Community Action was established over forty-five years ago by Congress as a centerpiece of the War on Poverty. The goal of Community Action is to reduce poverty, revitalize low-income communities and empower low-income individuals and families to become fully self-sufficient, and NRCA has been a well-known proponent of self-sufficiency in the New River Valley of Virginia since 1965. “A Hand Up, Not A Hand Out” is their motto. NRCA is a private non-profit charitable corporation according to IRS code 501(C)(3). All contributions are tax-deductible.
Some other projects through the NRCA Floyd Area Office:
Children’s Health Improvement Partnership
Homeless and Housing Programs
Responsible Rides car ownership
To Our House winter shelter for men
VA CARES (Virginia Community Action Re-Entry System)
RSVP (Retired and Senior Volunteer Program)
VITA (Volunteer Income Tax Assistance)
Emergency Assistance and Food Pantries/Holiday Assistance
Life Skills Education, plus Outreach and Referral
About Plenty! www.plentylocal.org: Karen Day (ph. 540-357-5657) and McCabe Coolidge are co-founders, and they guide the mission as Neighbors working side by side to grow and share food. It’s free and anyone can join. The group operates out of a space at 177 Webbs Mill Road, and the Floyd Community Garden is also located there. They have begun an intern program, as have other charitable groups, and they teach community-based giving and receiving which results in enough for all. “There is an abundance of produce and plenty of caring”, they say.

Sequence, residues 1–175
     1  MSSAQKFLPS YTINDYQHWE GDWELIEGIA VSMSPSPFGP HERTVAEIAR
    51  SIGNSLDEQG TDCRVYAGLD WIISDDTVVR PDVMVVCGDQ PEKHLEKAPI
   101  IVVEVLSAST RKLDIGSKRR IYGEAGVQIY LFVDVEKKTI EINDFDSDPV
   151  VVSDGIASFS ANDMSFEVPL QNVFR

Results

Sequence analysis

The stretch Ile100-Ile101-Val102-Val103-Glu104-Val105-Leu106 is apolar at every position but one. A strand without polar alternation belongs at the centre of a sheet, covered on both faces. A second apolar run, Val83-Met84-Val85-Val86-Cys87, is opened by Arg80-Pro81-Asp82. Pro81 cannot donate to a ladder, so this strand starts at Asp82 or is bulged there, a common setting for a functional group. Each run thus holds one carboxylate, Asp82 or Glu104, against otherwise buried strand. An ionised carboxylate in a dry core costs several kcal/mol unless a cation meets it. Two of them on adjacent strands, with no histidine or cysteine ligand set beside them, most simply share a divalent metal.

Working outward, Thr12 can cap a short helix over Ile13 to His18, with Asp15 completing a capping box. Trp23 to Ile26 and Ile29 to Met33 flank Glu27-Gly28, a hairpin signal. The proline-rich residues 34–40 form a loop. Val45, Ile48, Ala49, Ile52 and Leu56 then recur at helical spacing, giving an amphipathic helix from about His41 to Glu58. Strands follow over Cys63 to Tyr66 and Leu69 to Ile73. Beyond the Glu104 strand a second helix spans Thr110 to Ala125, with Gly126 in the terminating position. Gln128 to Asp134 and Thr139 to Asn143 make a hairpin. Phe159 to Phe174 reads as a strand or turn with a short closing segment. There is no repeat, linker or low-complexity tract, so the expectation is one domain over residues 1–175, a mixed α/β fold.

Some other projects of Plenty!:
Kid’s Wonder Garden
Floyd Community Garden
By Dee Wallace
Time: Saturday, October 29 · 8:00am – 11:00am
Location: Floyd County High School
Sign up today! Get your team of 6-9 together to play in the 2nd Annual community-wide Dodgeball Tournament. Winners & Losers bracket for competitive & noncompetitive teams, so whether you’re playing for fun or competing for the championship, you’re guaranteed 3 games! FREE T-SHIRTS upon registration.
$15 for high school students and $20 for adults. Players must be 13 year old to participate. Food coupons for teams who come in costumes! There will be breakfast & lunch concessions. All players will be entered to win prizes given away at a drawling before the championship game!! Our silent auction will be going on all day with items such a Hokie Gas Grill that has already sold out of stock, donated to Young Life to be auctioned at the tournament!
Recruit your team and call Jason Dalton to register at: 1-276-233-2292 or email him at email@example.com
The Floyd County Humane Society presents a “Doggone Good Time” to benefit our furry friends on Saturday, October 15th from 6-9 pm at the Great Oaks Country Club in Floyd. Enjoy wine from Villa Appalachia, great food and music, silent auction of goods and services and a live fine arts auction. $20 per person. Need more details, call Diane at 745-3667.
Great Oaks Country Club
Private, 18 holes, $15.00 – $20.00
This very demanding course’s front nine fairways are open, while its back nine fairways are narrow. The most difficult hole is #7, a 409-yard, par 4, featuring a huge pine tree directly in front of the green. In addition, water hazards come into play on a few holes.
Design – Golf Course at Great Oaks Country Club
Year Built: 1966
Designer: Gene Hamm
Greens Grass Type: Bent Grass
Fairways Grass Type: Bent Grass
Water Hazards: Yes
Sand Bunkers: 41-50
Yardage Markers: 200, 150, 100 Yrd Markers and Sprinkler Heads Marked